I was all set to write a post about our time in Isla del Pirata, complete with loads of photos (because the fact is that we didn’t do all that much on our little desert isla, but it was beautiful). But then my camera ATE most of my photos from last week and promptly died. And so we decided to go out to the local brewpub instead.
As we were dropping our room key at the front desk on our way out, the gal working there asked us if we were American. And when we said yes, she was curious and asked us if we were put off by any of the bad propaganda about her country. I told her of course we weren’t and she said she was glad we were here. American tourists are still a rarity here, most likely because of all the negative propaganda that Colombia has gotten, and continues to get, in the press (particularly in the US).
And it got me thinking about why we’re traveling, and why we’re here, and how many amazing things we would have missed out on if we had dismissed Colombia as dangerous and never bothered to come here.
Traveling is not going on vacation. Vacations are usually carefully planned out to avoid stressful situations and find comfort and relaxation. And travel, especially long term travel somewhat off the beaten path, is not always about that. It can be stressful. In so many ways it is about taking a leap of faith & plunging into the darkness of the great unknown & hoping for the best. As an optimist, I firmly believe that you often get what you expect to get. That if you expect to meet good people and have good experiences, that is in fact what you will experience. And I’ve been lucky so far in that this has been the case on our travels.
Let me be completely honest with you. As much as we would like to pretend that our trip is very spontaneous and fly by night, the fact is that in so many ways it is not that at all. We may not spend months plotting out our path or figuring out where we’ll sleep next week, but we do spend a lot of time doing research on locations we’re interested in, and forming our own opinions on what we think will suit us and what we’re not really interested in doing. And paramount in our minds during most of this research and planning is ensuring that we stay safe while we travel. This certainly doesn’t mean we don’t take risks, but we try not to take unnecessary ones. And in deciding what is risky and what is not, we make a concerted effort to cut through the bullshit and propaganda that is rampant throughout the internet and boil down all that information (& misinformation) to the relevant FACTS about a place.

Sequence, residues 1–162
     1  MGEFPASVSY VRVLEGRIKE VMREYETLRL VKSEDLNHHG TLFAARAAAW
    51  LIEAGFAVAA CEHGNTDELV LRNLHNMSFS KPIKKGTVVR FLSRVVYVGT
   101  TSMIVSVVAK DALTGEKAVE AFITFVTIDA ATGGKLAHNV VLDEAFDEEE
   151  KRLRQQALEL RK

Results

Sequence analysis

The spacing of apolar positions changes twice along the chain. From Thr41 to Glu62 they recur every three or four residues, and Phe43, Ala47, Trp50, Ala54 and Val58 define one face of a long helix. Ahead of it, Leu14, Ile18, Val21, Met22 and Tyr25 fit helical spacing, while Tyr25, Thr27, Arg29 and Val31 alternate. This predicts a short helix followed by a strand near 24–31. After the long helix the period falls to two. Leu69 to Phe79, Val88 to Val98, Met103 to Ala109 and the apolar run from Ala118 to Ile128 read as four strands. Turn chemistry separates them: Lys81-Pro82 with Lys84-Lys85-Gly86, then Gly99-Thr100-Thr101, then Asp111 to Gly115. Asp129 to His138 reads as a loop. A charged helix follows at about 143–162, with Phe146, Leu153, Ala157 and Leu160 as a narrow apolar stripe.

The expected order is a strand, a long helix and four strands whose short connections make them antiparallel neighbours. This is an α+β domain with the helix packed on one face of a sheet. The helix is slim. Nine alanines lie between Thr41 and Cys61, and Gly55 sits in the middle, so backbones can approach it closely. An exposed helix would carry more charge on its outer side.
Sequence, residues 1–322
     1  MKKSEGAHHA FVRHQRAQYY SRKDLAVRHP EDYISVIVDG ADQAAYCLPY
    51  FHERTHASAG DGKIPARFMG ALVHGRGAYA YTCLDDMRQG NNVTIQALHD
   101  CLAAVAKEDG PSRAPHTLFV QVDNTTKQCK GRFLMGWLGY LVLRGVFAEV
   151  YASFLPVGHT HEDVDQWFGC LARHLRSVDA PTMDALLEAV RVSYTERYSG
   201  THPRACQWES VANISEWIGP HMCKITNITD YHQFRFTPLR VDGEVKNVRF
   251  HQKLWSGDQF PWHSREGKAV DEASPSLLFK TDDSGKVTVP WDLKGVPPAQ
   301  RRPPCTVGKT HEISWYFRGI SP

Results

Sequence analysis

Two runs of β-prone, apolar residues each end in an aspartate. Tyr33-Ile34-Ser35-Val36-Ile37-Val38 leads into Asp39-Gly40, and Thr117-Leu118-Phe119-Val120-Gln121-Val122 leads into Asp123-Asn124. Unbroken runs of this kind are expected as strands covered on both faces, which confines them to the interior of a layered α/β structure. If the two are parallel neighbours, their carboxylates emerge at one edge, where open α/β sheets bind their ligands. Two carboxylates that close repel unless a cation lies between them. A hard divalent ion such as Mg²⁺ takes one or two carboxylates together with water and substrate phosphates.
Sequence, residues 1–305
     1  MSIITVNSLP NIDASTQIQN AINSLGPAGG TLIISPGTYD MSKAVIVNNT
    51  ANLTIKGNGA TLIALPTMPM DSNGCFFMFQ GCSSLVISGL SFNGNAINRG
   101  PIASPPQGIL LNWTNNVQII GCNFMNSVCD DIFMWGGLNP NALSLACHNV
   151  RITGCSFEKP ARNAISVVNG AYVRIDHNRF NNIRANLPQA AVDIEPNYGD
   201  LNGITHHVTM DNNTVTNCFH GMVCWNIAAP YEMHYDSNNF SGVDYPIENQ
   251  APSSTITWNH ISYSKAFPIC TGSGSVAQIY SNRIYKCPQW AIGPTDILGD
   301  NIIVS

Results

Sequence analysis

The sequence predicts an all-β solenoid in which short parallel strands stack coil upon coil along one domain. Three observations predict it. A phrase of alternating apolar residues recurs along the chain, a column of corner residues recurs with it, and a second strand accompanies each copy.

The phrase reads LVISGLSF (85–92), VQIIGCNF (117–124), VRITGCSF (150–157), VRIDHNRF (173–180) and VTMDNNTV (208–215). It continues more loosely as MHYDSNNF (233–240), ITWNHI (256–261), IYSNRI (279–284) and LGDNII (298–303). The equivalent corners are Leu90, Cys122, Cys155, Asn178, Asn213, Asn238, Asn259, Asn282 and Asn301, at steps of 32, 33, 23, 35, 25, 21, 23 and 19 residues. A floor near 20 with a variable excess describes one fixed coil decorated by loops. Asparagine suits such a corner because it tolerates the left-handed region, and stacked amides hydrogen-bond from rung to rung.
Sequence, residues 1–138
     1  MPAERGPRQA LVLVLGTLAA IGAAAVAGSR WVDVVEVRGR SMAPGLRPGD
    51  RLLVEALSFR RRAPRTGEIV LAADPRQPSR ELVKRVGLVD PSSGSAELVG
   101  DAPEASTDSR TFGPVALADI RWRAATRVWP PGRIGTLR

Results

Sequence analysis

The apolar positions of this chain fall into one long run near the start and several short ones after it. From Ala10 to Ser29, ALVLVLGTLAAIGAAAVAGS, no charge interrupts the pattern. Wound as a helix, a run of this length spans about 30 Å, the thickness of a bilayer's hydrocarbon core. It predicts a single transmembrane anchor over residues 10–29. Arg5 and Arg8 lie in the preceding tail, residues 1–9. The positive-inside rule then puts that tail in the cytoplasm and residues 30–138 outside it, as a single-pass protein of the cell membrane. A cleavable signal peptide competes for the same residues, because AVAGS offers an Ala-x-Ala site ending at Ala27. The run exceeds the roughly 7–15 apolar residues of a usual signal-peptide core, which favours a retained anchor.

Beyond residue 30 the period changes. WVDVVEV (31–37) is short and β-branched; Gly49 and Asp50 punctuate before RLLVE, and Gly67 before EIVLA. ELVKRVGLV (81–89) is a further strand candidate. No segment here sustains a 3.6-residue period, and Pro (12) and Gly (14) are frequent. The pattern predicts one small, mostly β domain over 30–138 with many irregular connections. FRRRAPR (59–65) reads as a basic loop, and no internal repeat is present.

And the fact is that all the truly relevant information about Colombia boiled down to one thing: it is an amazing country and we just had to come and experience it for ourselves. And we haven’t been disappointed.
If we had bought into all the negative hype about Colombia we would have missed out on our favorite city EVER, and some of the best meals we’ve had in our lives, and the kindest, funniest, most endearing and welcoming people we’ve met on our travels (and that bar was set pretty high). We would have missed out on so many wonderful experiences that we couldn’t find anywhere but here. And we certainly wouldn’t have ended up sitting in a local microbrewery pub earlier tonight, drinking some of the best beer we’ve had, eating nachos with a plastic food prep glove (South Americans aren’t fans of eating with your hands), and celebrating the Colombian Olympic medal winners. Did I mention that we walked both to and from that microbrewery in the dark and never once felt unsafe, even without knowing exactly where we were going?
Travel is about busting out of your comfort zone. And, in many ways, Colombia has provided that as well. We’re often the only English speakers wherever we go, and the Spanish here is challenging. But we’re getting by brilliantly, and having a fantastic time in the process. Our month here is rapidly coming to an end and we both wish we could stay longer…there’s so much left for us to do and experience here.
We’ll definitely return to Colombia again. It’s in our hearts. And we encourage you to think about visiting here as well.
And as for Isla del Pirata….my camera did leave me a few lovely parting gifts, including this sunset.